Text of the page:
Ensuring Safety of Recalled Vehicles
With more vehicles being the subject of nationwide recalls, a new law taking effect on Aug. 27 will require all new and used vehicle dealers licensed in Pennsylvania to disclose, in writing to used vehicle purchasers, the existence of any open, unrepaired recalls. Under Act 59 of 2018, a dealer would be in compliance with the disclosure requirement by providing the used vehicle retail purchaser a report obtained from the website safercar.gov, or a successor website, based on a vehicle identification number search. Consumers would still have the option to pursue civil action if a dealer fails to disclose existence of open recalls.
New Law Requires Protective Fencing on New Bridges
After a woman was seriously injured by a large rock thrown from a bridge over Interstate 80 in Union County in 2014, a new law seeks to protect drivers, their passengers and pedestrians from debris thrown from bridges and overpasses. Act 65 of 2018 will require PennDOT to include protective fencing in the construction of new state-owned bridges and install protective fencing on any existing bridge at such time that a major renovation is required and the bridge is located over an interstate highway. The new law also mandates fencing on bridges where instances of suicide or attempted suicide have occurred.
PennDOT Wants to Hear From You
To help reduce crashes and fatalities on Pennsylvania roadways, PennDOT is asking drivers to participate in the department’s 2018 Behavioral Survey. The five-minute survey asks about seatbelt use, driving while impaired by alcohol or drugs, speeding and distracted behaviors. The survey is open until Friday, Aug. 17, and all responses, including comments, are completely anonymous. Once data is compiled, the department will review the results for potential additions or adjustments to the department’s safety efforts. To access the survey, and for more information about PennDOT’s highway safety efforts, visit PennDOT.gov/safety.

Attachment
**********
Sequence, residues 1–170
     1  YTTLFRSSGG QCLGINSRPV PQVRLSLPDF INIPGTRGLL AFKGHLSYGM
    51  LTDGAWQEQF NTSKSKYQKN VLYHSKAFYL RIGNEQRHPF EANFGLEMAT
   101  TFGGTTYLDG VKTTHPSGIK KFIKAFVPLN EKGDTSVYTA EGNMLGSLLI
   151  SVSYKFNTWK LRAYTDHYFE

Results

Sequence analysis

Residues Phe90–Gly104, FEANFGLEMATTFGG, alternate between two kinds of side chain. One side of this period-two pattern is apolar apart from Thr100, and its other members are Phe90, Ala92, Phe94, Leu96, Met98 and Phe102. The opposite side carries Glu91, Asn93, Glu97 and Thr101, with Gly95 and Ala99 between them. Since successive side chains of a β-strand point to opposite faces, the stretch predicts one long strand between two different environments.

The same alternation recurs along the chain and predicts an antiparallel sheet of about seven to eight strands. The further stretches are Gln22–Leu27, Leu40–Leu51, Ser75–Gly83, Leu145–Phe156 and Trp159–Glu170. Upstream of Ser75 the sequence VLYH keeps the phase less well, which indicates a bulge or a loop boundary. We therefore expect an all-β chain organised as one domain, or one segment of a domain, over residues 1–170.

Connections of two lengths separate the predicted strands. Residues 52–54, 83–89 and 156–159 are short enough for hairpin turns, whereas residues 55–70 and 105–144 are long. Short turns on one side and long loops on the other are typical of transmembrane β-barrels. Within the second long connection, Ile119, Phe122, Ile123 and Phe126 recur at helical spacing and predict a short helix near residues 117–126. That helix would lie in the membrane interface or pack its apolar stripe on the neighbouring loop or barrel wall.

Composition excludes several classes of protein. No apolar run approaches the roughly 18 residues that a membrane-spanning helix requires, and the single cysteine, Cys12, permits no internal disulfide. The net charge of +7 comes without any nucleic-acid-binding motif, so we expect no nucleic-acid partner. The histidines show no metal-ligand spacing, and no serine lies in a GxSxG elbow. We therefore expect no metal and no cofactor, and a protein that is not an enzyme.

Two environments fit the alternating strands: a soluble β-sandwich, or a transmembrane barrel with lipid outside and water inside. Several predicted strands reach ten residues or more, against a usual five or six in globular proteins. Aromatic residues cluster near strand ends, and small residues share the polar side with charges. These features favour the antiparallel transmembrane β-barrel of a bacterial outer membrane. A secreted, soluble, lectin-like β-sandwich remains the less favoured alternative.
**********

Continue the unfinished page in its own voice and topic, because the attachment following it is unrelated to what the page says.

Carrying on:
Emergency Programs Can Save Lives
Drivers are reminded of two voluntary programs aimed at saving the lives of residents in emergency situations. Participation in both programs is free of charge. In PennDOT’s Yellow Dot Program, participants fill out the program form with emergency contact, medical contact and medical information, insert it in the program’s folder and then place it in their vehicle’s glove compartment. A yellow dot sticker affixed to the rear window alerts emergency responders to the availability of information to help them provide better care to crash victims. The Emergency Contact Information program offers Pennsylvania driver’s license and PennDOT-issued ID holders the opportunity to log into a secure database and list two emergency contacts. Participants can update the information as needed, but only law enforcement officials can view the information in the system. In the event of an emergency, law enforcement can use a participant’s ID to find his or her emergency contact information. The Yellow Dot program is used only in vehicle crashes, but the Emergency Contact Information program can be used in other emergencies as well as crashes. Information about both programs is available at PennDOT.gov/safety.
Representative Mike Peifer
Pennsylvania House of Representatives
Media Contact: Patricia Hippler
RepPeifer.com / Facebook.com/RepPeifer